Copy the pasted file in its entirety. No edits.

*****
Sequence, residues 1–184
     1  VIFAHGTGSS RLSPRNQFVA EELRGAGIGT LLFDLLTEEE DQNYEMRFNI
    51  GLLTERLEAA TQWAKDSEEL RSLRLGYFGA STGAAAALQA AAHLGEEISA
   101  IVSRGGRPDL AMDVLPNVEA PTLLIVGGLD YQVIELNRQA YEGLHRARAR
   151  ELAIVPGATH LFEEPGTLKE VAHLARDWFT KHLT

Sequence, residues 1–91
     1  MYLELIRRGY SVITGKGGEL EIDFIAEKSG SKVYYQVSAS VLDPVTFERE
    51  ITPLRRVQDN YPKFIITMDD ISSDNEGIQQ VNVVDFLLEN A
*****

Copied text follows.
Sequence, residues 1–184
     1  VIFAHGTGSS RLSPRNQFVA EELRGAGIGT LLFDLLTEEE DQNYEMRFNI
    51  GLLTERLEAA TQWAKDSEEL RSLRLGYFGA STGAAAALQA AAHLGEEISA
   101  IVSRGGRPDL AMDVLPNVEA PTLLIVGGLD YQVIELNRQA YEGLHRARAR
   151  ELAIVPGATH LFEEPGTLKE VAHLARDWFT KHLT

Sequence, residues 1–91
     1  MYLELIRRGY SVITGKGGEL EIDFIAEKSG SKVYYQVSAS VLDPVTFERE
    51  ITPLRRVQDN YPKFIITMDD ISSDNEGIQQ VNVVDFLLEN A